Claddagh: Meaning and Origins
As we get nearer to what is considered in American culture as a prominent holiday which includes lots of green, eating and drinking, and various parades throughout the nation, Claddagh Rings and Jewelry become more and more popular. We often get asked what the Claddagh symbolizes. The Claddagh Ring is among a group of European Rings called "fede rings," which derives from the Italian "mani in fede" or "hands in faith/loyalty." "Fede rings" are made with two hands clasped, which generally symbolizes pledged vows, and because of this were often given as engagement and wedding rings in Medieval and Renaissance Europe.
The traditional Claddagh Ring is a variation on that, showing two hands holding a heart topped with a crown. The hands signify Friendship, while the heart means Love, and the crown Loyalty.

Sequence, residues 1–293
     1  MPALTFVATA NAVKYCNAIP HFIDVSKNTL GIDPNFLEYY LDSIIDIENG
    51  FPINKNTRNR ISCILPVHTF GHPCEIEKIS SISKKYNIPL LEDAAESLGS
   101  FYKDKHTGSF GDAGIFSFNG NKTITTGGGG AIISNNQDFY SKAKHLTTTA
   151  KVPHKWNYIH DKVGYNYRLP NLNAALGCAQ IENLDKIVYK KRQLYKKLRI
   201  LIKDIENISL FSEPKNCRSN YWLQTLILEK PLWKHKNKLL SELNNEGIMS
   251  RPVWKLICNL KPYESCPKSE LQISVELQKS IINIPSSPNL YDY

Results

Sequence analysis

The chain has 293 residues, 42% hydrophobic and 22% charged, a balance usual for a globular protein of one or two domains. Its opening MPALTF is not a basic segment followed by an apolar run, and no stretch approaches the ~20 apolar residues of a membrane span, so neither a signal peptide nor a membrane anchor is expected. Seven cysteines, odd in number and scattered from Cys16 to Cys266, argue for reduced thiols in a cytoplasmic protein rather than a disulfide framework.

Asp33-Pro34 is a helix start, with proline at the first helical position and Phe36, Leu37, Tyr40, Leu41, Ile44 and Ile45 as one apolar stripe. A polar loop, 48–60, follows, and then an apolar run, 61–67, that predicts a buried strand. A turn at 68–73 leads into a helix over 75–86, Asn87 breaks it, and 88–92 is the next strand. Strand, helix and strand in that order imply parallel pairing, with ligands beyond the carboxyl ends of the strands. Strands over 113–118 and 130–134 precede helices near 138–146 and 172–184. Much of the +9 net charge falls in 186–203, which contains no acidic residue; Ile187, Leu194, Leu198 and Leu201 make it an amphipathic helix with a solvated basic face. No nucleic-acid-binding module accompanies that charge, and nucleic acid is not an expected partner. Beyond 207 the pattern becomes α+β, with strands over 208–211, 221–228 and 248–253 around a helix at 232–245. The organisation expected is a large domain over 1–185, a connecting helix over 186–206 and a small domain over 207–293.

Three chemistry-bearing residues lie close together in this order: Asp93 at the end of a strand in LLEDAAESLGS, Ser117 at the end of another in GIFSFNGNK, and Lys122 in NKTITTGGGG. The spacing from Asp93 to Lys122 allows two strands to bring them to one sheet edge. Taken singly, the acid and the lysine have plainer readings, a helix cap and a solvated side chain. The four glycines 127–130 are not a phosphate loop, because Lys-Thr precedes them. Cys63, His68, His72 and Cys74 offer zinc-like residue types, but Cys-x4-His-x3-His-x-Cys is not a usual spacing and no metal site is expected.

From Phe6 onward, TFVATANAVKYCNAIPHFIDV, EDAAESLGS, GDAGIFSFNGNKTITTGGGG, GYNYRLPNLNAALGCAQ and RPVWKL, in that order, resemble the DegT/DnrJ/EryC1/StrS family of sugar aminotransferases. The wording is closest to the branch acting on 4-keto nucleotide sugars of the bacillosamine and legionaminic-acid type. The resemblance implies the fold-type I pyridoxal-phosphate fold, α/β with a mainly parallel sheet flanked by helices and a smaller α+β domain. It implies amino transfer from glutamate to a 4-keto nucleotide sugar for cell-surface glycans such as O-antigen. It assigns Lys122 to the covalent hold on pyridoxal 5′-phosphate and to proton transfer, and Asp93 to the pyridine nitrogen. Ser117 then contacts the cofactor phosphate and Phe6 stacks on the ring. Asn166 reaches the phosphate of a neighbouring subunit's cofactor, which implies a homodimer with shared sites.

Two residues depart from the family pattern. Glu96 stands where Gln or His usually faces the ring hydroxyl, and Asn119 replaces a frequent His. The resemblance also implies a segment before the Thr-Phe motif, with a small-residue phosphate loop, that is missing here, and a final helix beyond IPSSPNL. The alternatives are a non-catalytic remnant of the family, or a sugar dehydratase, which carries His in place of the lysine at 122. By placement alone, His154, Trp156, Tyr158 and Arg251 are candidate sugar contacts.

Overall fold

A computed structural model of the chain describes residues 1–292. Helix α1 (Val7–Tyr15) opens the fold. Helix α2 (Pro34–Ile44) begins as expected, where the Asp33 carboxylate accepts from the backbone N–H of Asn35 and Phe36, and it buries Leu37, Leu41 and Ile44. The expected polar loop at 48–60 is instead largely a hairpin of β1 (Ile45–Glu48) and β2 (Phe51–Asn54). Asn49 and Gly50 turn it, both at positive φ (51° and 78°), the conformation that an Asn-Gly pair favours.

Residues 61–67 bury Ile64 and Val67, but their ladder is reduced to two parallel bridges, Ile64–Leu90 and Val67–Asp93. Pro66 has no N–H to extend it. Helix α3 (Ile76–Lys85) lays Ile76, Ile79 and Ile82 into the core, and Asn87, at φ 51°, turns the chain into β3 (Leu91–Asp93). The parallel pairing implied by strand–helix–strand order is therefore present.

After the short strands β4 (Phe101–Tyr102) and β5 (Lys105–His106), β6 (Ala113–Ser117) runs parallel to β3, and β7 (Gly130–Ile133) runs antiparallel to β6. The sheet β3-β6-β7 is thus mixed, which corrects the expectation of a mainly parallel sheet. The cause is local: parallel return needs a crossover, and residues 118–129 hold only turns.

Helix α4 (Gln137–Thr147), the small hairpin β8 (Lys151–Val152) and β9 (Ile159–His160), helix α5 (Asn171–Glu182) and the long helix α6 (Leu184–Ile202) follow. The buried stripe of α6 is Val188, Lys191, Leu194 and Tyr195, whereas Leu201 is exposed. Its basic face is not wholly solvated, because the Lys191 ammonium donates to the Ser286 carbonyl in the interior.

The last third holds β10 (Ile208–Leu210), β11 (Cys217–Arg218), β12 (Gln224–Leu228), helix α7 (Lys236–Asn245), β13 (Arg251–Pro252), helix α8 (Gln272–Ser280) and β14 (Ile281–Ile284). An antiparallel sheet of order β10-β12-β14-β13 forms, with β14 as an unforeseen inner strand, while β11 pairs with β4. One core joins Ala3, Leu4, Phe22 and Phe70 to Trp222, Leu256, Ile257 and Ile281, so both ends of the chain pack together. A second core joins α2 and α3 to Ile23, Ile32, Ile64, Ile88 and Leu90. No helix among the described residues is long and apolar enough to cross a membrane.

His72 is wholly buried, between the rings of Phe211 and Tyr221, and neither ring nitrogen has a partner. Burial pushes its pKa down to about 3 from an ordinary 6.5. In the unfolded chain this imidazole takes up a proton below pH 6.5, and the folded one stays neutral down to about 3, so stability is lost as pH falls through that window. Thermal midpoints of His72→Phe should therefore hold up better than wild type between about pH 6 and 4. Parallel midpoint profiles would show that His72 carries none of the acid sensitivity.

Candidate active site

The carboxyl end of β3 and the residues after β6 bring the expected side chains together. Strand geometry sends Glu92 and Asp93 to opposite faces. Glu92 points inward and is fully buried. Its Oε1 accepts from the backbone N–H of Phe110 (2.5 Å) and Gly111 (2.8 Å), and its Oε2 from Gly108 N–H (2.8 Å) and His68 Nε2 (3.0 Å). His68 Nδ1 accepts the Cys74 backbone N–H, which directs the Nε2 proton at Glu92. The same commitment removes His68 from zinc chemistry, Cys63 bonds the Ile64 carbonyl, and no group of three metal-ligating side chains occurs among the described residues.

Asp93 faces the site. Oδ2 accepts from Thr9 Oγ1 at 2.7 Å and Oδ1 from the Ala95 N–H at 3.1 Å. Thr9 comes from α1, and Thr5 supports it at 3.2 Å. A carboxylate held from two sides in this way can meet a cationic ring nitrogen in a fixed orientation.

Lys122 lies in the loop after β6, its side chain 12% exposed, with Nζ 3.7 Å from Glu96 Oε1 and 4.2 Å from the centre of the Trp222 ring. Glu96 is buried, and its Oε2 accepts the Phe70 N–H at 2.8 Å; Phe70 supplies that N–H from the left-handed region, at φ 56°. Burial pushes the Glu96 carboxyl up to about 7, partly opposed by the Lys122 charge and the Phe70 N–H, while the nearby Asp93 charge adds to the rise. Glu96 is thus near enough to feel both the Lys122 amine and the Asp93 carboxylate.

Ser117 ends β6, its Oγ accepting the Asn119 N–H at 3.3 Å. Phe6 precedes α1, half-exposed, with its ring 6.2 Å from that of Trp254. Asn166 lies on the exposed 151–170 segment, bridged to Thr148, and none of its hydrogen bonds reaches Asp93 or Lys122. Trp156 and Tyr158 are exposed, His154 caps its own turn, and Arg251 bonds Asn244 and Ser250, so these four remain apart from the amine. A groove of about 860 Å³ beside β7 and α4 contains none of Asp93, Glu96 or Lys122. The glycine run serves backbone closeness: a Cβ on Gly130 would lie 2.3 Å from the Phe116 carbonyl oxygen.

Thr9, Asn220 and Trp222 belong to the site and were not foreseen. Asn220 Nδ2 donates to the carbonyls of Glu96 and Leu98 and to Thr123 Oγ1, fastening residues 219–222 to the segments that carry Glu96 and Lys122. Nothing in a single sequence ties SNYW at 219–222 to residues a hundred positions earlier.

The current form of the Ring was first produced in the 17th Century in Claddagh, Ireland, situated outside the old city walls of Galway. However, the term "Claddagh" wasn't used until the 1840s. While there are many different legends about the origin of the Ring, perhaps the most likely is about Richard Joyce, a native of Galway. Captured and sold as a slave to a Moorish goldsmith while working in the West Indies, Joyce learned the craft from his Master. When William III became King he demanded the release of all British prisoners, thus Joyce was set free. During his time in captivity, he fashioned a Ring for his love in Galway, and upon his return, presented it to her and married her.